By the time Warren Buffet had made it to grade school, his entrepreneurial income surpassed that of his educators but his first real business growth was an early investment into an undervalued company. Acme Corp for our sakes. You’d thinking he saw an opportunity to nurse back to health a limping horse, right? What he saw was a series of fixed assets in the form of manufacturing machinery more valuable parcelled out by piece than a functioning whole business. Employees let go, he went about selling his new company bit by bit.
I run an Acme Corp, a failing entertainment enterprise. My business model consists of purchasing groceries for around 8 – 10 people, spending my day prepping food and then serving in the evening. I throw these affairs every few months during the summer season. Free of charge, I ask good friends to partake in merry making for an evening. This endeavour has been highly lucrative in garnering friendships but economically sapping.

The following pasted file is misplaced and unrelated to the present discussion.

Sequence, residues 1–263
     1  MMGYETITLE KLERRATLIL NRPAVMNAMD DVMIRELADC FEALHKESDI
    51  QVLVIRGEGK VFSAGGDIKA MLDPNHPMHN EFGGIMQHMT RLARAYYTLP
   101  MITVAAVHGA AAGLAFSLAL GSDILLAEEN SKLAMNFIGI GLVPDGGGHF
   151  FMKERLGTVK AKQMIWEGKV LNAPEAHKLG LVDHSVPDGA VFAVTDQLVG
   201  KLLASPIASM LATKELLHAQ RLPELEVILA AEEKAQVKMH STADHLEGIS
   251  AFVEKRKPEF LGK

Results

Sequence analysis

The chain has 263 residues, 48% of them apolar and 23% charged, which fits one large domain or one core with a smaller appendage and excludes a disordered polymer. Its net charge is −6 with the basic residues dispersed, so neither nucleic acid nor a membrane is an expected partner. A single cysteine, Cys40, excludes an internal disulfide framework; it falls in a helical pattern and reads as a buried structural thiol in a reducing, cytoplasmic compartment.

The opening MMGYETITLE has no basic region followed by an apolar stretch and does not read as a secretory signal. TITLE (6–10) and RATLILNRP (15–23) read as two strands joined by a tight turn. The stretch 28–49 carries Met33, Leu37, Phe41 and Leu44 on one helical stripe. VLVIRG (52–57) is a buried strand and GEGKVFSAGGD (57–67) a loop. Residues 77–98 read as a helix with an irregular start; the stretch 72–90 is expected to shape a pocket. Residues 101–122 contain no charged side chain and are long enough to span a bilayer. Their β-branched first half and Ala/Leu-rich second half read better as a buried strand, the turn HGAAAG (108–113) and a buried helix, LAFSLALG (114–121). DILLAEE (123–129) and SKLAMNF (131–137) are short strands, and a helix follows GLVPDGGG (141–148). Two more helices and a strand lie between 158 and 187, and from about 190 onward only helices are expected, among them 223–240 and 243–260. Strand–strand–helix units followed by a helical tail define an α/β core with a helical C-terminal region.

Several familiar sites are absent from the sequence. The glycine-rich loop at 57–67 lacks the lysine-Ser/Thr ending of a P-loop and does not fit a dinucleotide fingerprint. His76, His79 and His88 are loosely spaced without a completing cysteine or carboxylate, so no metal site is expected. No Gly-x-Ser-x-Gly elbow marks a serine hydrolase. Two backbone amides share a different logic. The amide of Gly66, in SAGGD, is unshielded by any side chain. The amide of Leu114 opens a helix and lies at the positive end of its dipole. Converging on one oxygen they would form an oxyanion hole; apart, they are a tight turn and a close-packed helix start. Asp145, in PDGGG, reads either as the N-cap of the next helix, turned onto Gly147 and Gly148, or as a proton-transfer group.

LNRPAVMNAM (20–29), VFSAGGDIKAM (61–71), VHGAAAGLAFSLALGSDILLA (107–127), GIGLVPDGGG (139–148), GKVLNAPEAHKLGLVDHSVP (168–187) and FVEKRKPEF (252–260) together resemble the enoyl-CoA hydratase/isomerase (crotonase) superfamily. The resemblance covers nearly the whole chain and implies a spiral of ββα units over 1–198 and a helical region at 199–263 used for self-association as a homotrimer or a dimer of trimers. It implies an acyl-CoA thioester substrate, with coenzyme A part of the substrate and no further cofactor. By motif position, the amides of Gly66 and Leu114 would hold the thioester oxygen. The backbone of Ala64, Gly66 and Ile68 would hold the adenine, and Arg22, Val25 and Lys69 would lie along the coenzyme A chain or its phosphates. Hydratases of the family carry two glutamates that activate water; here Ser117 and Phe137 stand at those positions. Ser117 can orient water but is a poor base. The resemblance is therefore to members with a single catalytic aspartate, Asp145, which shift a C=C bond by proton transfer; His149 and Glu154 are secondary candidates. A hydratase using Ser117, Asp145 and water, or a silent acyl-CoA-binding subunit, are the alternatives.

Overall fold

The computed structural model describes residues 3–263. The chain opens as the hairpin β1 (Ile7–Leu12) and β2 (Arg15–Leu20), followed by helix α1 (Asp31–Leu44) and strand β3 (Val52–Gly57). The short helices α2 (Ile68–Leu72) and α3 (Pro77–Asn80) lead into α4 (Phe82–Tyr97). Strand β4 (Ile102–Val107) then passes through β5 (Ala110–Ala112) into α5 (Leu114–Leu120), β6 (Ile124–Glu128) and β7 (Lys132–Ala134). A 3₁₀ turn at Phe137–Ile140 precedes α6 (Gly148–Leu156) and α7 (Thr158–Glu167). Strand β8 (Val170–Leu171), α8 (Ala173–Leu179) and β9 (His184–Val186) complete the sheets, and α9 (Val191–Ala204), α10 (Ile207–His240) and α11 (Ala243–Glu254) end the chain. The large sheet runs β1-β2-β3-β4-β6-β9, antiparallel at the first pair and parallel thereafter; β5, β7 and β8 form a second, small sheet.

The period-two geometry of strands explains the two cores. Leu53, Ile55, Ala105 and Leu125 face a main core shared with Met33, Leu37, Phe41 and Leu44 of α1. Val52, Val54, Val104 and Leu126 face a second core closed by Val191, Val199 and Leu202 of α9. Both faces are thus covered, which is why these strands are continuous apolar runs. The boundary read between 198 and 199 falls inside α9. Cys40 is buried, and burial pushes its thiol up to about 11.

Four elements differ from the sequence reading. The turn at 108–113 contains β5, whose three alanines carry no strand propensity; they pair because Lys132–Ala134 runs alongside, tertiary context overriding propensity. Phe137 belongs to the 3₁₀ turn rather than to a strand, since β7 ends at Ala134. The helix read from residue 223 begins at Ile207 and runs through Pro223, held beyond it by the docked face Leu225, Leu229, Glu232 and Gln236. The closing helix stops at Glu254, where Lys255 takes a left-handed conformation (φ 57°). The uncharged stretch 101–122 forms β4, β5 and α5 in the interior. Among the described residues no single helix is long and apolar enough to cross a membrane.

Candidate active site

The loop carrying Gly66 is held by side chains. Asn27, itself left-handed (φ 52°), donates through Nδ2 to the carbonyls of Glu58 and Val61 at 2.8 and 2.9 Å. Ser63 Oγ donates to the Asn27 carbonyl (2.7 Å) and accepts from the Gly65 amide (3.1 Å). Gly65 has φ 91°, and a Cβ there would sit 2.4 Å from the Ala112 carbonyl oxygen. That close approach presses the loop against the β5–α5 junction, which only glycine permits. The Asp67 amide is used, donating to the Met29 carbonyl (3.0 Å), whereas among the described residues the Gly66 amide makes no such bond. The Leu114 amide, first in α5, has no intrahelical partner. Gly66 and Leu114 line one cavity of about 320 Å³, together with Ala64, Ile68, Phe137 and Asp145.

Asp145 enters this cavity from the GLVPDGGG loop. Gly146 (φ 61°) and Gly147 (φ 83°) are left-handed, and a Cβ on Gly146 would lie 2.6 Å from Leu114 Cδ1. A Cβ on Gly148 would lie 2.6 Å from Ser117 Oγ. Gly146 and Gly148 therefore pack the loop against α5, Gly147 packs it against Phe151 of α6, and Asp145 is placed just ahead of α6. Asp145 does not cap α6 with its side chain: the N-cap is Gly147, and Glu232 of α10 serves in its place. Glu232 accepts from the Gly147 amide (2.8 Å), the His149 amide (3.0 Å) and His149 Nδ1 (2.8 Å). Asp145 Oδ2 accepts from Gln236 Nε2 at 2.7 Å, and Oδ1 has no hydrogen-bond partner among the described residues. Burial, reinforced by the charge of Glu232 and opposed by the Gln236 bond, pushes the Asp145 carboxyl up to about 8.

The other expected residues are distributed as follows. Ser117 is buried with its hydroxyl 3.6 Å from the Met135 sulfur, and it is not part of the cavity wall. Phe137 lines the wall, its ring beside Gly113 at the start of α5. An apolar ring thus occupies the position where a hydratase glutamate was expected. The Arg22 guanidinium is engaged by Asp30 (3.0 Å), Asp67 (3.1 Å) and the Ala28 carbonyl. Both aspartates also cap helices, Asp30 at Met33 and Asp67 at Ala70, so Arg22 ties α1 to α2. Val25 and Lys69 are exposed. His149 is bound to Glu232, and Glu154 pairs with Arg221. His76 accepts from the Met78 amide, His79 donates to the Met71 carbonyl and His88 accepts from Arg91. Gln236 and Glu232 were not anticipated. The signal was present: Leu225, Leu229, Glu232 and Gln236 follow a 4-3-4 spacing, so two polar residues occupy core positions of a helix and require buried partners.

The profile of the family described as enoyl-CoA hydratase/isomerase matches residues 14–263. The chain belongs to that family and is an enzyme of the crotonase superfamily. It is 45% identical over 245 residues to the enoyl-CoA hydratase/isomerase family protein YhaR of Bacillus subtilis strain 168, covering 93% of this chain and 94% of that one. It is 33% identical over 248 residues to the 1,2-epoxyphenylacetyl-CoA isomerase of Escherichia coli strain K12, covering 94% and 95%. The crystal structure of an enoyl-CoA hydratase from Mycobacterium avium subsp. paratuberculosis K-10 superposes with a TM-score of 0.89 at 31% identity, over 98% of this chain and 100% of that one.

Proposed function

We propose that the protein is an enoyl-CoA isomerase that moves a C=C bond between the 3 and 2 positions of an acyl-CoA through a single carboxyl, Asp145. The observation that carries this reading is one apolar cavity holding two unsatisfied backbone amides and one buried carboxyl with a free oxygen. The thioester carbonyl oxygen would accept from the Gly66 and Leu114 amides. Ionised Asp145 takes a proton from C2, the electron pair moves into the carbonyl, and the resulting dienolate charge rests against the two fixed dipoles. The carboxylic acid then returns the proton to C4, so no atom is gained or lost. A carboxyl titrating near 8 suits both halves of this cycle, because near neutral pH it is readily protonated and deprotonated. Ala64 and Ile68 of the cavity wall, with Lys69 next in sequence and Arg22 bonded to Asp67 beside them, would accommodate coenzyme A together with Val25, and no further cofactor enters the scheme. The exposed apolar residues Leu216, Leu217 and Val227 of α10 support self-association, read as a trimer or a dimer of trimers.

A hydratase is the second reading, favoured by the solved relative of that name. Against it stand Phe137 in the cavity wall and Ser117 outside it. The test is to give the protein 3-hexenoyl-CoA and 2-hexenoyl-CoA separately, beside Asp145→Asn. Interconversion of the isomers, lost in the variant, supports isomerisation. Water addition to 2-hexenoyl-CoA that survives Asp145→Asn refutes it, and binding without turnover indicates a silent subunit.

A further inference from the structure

This is your chance to plunder the spoils.
What I ask in exchange for the my companies fixed goods — in the attached photography — is $150 OBO or a decent pedal bicycle.
The apartment I live in is f*cked. In the last few months, not only has my hydro been shot off, today the gas has been disconnected too. (The hydro’s back on.) My landlords identity is so tied up in his $100,000 car, he neglects all his responsibilities. I’ve even discovered this entire building has a severe mould issue. That’s a story for another time.
I need to be out of here by the end of August and I can’t take these things with me to my new lodging, but I’d hate to leave them here for the aforementioned shitty landlord.
What you’re getting is a fairly used BBQ with a brand new grill complete with a new heating element used only twice and an almost full propane tank. It’s like getting Nona a new set of plastic hips, knees and ankles: she’ll be lifting stones again for years. Included is a bonus empty tank with refund value at your local propane retailer.
The charcoal grill was used by me to smoke meat for 8 hrs one Sunday. It’s in great nic but does has a few dings.
4 patio chairs!
So, are you ready to start your entrepreneurial BBQing empire?